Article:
On The Light Side
KEENE, N.H. (AP) _ For seven summers, International Zucchini Festival aficionados have converged on southwest New Hampshire to sing the praises of their favorite squash.
But the zucchini fest has lost some of its zest, say fans of the cucumber look-alike. Saturday’s event at Keene State College here will be the last, Zucchini Central Committee member Cindy Thomashow announced this week.
″Seven years is a long time, and it’s been great fun,″ said Thomashow, whose committee organizes the festival. ″We want to have more fun at this one than we’ve ever had before.″
Fittingly, the Olympics are this year’s theme for the fund raiser. Events will include a zucchini toss, javelin throw - and zucchini rap contest. Individual vegetables will be awarded such high honors as ″most international zucchini,″ ″best-dressed zucchini,″ and ″best zucchini Olympic pet.″
The festival is held to raise money for the private Harrisville School, the Harrisville Children’s Center and the Grand Monadnock Arts Council.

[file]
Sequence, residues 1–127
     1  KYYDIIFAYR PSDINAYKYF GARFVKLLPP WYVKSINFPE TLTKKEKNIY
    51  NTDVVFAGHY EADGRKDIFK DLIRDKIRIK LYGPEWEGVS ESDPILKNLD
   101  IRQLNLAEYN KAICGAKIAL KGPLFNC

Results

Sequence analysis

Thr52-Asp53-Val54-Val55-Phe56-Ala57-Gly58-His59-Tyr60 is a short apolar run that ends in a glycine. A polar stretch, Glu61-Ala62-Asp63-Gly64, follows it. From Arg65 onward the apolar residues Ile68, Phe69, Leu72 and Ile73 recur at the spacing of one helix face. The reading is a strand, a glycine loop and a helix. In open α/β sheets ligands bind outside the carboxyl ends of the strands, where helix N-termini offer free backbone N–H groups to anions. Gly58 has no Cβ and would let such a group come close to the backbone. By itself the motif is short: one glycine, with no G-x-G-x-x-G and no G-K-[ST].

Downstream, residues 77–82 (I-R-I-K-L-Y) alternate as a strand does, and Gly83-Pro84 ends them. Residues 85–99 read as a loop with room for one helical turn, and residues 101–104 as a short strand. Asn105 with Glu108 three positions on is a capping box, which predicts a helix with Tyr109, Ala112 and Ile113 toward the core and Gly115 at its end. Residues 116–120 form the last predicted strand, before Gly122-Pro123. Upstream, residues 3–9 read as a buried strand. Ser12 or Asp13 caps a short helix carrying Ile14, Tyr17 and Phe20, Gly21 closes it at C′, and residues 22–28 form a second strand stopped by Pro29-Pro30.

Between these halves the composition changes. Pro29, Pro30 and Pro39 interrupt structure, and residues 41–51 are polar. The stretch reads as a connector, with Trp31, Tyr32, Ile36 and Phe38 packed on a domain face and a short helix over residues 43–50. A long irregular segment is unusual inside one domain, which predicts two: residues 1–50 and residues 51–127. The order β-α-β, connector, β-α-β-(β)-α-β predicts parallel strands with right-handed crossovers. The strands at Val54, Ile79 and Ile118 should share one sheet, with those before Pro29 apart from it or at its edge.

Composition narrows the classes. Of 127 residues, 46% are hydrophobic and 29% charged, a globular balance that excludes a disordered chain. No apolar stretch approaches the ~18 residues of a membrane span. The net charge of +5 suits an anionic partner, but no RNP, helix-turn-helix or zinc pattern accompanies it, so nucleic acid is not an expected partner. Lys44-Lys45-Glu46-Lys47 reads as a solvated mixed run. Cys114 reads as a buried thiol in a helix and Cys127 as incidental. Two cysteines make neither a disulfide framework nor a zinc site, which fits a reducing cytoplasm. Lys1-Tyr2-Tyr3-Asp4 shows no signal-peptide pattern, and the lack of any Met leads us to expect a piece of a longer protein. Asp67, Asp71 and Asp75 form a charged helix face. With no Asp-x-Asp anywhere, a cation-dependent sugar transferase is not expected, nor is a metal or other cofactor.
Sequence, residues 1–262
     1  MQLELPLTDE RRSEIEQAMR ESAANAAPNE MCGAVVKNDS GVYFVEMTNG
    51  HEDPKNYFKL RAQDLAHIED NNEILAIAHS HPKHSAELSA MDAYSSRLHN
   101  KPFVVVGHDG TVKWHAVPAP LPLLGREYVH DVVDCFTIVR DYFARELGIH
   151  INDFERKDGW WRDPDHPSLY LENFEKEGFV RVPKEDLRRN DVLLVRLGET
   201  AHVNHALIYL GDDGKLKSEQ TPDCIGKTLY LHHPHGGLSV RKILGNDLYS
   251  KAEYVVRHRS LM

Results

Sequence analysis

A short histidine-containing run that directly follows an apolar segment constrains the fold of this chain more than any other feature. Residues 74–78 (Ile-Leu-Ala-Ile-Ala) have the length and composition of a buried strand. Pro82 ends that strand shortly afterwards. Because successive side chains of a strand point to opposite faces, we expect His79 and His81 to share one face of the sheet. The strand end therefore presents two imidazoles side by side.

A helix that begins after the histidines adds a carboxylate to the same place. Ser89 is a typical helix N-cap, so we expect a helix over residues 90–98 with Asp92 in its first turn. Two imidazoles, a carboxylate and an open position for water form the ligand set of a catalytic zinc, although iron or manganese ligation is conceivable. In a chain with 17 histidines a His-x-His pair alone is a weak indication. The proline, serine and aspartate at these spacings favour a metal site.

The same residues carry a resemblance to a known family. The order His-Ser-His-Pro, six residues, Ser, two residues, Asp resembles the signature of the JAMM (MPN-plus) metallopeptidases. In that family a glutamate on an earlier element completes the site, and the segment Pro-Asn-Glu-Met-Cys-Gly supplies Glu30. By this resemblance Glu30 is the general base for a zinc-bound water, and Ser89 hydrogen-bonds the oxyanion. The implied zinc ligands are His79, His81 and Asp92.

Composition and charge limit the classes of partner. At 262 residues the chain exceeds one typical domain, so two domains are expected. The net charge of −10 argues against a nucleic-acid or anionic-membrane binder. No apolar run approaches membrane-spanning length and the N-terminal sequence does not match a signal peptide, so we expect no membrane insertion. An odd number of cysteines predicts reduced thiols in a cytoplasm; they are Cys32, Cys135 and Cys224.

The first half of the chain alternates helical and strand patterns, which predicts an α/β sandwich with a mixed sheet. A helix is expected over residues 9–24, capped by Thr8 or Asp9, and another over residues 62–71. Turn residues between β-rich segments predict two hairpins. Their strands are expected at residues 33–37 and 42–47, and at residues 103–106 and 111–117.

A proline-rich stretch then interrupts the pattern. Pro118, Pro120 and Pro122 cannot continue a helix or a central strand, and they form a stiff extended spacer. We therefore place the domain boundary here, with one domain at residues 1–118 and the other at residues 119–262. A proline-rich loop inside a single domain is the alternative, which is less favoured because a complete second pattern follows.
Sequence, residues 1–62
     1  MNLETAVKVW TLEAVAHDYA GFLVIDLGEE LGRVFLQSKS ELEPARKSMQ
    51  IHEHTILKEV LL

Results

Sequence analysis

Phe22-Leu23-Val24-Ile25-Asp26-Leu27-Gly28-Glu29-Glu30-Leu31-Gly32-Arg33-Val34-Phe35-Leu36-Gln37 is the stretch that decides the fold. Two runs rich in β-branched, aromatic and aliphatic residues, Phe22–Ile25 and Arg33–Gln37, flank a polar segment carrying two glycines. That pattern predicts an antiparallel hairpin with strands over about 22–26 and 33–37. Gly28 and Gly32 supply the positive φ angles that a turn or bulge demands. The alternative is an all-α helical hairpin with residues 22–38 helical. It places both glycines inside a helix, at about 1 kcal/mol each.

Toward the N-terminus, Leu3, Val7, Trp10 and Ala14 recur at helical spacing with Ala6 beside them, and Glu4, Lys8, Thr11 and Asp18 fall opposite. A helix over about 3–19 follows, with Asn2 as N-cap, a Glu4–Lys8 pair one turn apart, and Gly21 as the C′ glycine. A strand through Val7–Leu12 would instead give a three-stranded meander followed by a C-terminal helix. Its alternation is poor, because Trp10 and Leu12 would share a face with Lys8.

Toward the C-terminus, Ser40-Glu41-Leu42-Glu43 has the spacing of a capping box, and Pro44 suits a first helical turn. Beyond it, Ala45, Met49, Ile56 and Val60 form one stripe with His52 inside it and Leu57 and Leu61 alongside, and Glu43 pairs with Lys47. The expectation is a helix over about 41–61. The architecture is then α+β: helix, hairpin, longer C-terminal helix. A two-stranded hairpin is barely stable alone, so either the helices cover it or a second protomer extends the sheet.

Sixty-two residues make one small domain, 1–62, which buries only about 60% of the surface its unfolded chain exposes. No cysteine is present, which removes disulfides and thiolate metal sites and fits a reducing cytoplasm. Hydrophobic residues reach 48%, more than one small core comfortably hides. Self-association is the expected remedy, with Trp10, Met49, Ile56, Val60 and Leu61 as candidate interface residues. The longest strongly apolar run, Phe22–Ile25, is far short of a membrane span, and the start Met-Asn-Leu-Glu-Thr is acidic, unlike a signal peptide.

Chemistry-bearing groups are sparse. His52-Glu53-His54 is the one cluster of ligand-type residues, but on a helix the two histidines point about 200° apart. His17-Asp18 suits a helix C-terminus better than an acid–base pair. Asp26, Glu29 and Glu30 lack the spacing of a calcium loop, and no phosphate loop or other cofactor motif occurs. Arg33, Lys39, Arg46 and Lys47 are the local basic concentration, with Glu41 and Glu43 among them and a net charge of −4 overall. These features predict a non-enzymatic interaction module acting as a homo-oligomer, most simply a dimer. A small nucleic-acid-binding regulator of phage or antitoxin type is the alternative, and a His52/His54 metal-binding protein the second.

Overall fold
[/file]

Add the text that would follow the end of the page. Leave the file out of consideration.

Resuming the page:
John Colony, who founded the event with his wife, said he’s amazed the festival lasted this long.
″When my wife and I thought of the idea, we thought it would go one for two or three years,″ he said. ″If you’re working on it every year, it gets kind of tiresome. It’s like telling the same joke over and over.″
LANSING, Mich. (AP) - The bride wore blue and carried a revolver. So did the groom.
Police officers Cassie Darnell and Mark Alley passed up the traditional gown and tuxedo for a short wedding ceremony Wednesday in district court.
Instead, the off-duty officers exchanged vows before Magistrate Krista Krause in their uniforms, complete with service revolvers.
They aren’t partners, but work the same shift.
″We just have a lot in common and understand what the other has gone through,″ Darnell said before the ceremony. ″Before we started dating, Mark said he would never marry another police officer.″
They dated for about a year, and Alley eventually changed his mind. All he could say Wednesday was, ″I’m very happy.″
More than 30 people attended the ceremony, including 15 or so police officers.
The couple exchanged vows under the bright lights of television cameras. Alley blushed when instead of saying ″I pledge my faith unto you,″ he said, ″I pledge my faith on TV.″
He got it right the second time.